The newest of newbies and his rye bread experience
Being VERY new to sourdoughs, it dawned on me that I’m at a phase that everyone must go through. As I’m sitting here letting my dough proof, I figured I’d document what I’ve done along the way in hopes that my success or failure can help others along the way. This is my second attempt at the same recipe, but I’m just going to discuss it from the beginning as if this was the first attempt. Keep in mind that I wrote this more for what I was experiencing along the way than for the recipe. I feel like I kept asking myself “Is this what it’s supposed to feel like?” so I wanted to share my experience.
Being a bit of a Germanophile, I really wanted to try a rustic German bread. Every recipe I found was sourdough and although I had never worked with sourdough before, I was a bit intimidated. In addition, I was under the impression that I didn’t really care for sourdough knowing only the extremely sour San Francisco styles that one can buy in the local megamart. Nonetheless, I’m stubborn and decided I would embark on this journey. I could have sent away for a sourdough starter, but I’m impatient and didn’t want to wait for it, nor did I want to spend the money. I went online and found some recipes for a starter. Knowing that the recipe I was going to be using was primarily rye, I decided a rye starter made sense. After procuring some rye flour, I began the process using only the rye flour and a jug of distilled water I had in the house. (Our tap water is heavily chlorinated) The recipe I found (which I have since lost) was a 5 day program with feedings only once per day. The recipe warned that I probably wouldn’t see much activity until the 3rd or 4th day, but that wasn’t the case with me. After the first day, when stirring in the second feeding, I could hear the crackle of air pockets bursting indicating that culture was alive. Fast forward 5 days and I’m ready to go. The consistency of this starter is quite dry. It reminds me of, well…I’m not sure what. It is not viscous at all. You could turn the jar on its side and the starter won’t budge. It’s almost like a soufflé as far as how airy it is. Here is a picture of it.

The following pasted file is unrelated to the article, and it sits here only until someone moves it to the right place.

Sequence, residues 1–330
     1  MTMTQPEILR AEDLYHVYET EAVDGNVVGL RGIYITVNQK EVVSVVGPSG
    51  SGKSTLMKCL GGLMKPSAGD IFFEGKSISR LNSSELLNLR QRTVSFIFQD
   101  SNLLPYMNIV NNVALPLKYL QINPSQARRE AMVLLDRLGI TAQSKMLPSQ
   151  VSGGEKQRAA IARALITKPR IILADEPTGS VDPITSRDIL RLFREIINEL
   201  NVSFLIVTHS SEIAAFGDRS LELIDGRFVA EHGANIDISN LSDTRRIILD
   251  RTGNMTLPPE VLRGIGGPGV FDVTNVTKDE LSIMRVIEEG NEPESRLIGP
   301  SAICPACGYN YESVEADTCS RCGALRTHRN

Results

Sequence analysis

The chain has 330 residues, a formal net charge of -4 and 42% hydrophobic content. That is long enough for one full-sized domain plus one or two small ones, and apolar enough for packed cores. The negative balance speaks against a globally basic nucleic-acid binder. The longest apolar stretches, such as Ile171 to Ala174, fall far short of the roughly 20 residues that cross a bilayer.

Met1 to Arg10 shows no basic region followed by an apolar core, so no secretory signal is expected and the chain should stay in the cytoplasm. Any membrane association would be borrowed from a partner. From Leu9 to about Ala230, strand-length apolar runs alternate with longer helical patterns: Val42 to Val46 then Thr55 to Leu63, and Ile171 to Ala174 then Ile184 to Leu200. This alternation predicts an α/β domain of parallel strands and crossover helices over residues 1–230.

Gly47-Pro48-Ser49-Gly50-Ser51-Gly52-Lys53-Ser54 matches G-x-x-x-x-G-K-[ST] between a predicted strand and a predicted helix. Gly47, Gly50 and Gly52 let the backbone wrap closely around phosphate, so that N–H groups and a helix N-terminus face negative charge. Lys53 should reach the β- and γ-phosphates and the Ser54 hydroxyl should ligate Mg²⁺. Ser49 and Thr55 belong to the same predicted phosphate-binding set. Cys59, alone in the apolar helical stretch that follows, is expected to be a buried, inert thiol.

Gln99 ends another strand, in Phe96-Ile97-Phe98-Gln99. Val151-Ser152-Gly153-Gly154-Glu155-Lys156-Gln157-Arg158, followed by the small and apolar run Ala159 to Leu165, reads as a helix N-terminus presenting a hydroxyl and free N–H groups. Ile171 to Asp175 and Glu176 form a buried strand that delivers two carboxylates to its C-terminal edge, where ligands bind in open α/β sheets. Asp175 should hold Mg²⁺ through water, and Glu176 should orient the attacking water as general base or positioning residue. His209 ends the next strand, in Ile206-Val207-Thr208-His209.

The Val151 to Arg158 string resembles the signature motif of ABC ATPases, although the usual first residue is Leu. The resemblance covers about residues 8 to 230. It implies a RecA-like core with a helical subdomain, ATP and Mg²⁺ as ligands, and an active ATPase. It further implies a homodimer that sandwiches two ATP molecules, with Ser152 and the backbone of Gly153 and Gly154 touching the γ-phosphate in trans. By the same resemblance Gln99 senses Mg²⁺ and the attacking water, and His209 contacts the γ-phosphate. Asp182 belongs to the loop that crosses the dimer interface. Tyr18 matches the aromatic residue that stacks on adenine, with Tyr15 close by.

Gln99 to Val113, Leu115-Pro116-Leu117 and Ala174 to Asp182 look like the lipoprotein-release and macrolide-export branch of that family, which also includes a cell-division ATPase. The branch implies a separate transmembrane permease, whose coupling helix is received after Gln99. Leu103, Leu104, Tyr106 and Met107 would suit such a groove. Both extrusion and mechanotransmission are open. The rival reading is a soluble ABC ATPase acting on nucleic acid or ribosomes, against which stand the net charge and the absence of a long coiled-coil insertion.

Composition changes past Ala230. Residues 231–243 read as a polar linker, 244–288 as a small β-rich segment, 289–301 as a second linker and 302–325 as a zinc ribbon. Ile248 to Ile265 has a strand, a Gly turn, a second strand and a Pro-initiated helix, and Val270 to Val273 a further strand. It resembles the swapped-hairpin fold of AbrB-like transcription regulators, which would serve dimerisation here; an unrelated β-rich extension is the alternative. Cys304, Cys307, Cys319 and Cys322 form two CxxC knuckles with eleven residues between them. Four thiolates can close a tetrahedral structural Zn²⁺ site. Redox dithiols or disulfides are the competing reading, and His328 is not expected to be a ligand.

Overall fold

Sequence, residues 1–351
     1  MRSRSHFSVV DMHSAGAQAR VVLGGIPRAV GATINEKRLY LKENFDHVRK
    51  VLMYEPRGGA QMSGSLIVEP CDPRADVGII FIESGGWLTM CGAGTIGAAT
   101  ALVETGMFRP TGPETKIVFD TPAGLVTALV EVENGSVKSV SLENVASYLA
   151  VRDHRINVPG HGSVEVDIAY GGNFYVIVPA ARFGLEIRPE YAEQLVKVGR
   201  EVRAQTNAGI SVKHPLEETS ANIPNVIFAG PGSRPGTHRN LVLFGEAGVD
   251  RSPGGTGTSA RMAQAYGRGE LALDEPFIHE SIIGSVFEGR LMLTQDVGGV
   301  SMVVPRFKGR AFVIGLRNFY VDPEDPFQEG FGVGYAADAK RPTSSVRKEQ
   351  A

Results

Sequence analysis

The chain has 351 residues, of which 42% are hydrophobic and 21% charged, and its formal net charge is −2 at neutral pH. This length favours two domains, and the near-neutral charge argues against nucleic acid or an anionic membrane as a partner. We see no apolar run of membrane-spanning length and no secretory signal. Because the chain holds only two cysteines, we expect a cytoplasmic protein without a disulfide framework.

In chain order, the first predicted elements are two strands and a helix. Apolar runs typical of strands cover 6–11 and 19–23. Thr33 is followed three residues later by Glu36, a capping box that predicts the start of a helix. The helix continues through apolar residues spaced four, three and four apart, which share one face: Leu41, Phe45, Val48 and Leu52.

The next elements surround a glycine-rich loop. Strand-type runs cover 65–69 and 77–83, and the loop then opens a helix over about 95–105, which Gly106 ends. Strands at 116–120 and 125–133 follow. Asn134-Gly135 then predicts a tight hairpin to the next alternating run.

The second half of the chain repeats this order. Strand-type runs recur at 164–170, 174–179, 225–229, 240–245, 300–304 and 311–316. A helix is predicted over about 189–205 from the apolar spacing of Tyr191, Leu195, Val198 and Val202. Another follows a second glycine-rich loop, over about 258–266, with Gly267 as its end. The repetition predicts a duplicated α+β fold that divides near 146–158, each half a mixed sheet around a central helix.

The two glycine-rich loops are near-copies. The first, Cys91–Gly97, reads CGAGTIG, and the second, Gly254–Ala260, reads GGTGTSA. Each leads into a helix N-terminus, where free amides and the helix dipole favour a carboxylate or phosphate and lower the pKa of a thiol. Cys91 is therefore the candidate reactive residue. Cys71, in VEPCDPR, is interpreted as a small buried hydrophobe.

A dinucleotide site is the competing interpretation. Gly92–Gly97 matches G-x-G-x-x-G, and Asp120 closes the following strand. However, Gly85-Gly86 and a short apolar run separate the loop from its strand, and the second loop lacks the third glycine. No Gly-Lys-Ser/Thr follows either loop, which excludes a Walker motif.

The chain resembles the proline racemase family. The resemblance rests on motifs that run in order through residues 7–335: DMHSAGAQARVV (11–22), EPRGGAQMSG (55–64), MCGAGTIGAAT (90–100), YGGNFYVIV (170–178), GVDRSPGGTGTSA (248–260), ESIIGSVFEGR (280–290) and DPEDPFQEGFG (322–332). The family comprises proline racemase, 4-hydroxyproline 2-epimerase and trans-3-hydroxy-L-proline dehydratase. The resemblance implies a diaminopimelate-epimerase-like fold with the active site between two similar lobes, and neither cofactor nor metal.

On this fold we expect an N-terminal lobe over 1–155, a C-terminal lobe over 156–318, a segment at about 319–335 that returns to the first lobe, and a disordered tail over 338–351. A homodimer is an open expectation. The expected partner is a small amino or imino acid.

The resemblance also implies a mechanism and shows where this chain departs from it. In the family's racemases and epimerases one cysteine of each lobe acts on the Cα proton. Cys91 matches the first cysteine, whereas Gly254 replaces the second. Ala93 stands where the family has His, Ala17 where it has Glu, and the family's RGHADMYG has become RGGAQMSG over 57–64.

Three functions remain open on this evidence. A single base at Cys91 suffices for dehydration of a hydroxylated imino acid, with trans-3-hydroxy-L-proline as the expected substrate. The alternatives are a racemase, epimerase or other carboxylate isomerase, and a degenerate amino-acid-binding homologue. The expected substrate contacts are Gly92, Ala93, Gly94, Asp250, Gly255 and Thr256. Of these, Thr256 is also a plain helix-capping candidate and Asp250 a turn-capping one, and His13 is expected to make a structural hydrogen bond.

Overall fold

The recipe I was using was in German, and while I can get my point across in German, I am far from fluent and the recipe did not translate well using Google Translate, so there was a bit of guess work and filling in the blanks, which is one of the reasons I’m discussing the second attempt as I feel I learned a bit along the way. Here is a brief run-down of that recipe:
200g rye flour
400g rye flour
200g spelt flour
2tsp bread spices (mixture of spices. You can find recipes online)
1.25g dry yeast (it actually called for 5g fresh, but from what I understand, ¼ the amount of dry can be used, although trying to measure 1.25g is basically impossible, so try to get close)
The recipe said to combine all the dough recipes and let them sit for a half hour (I think) but after reading up on autolyse, I decided to just mix the water, flours and salt at first. I combined the flours, mixed them and then took out about 2 cups of the mix. I did this because I live in a very dry environment and many bread recipes end up too dry for me. This, combined with the fact that I could use this flour to eventually knead it meant that I didn’t want to just add it all at first. And boy am I glad I did that. If you look at the amounts, this is only about a 50% hydration dough (I think I understand that terminology correctly) so it’s going to be quite dry. Because I wanted to use the autolyse method, I was okay if the dough was a little wetter, which it wasn’t. So, after combining the flours, mixing them, taking out 2 cups of mix, then adding the salt and water, his mix, even with 2 cups less flour was VERY dry. The texture was like a gritty modeling clay. Nonetheless, I let it sit for a half hour. After that, I added the yeast and spices. I waited on the yeast because it was active dry and I didn’t want it to activate during the autolyse. It was also at this point that the starter came in. The recipe said to remove 50g of the mixture to save for your next starter and then add the remainder to the dough. This mixture was then combined.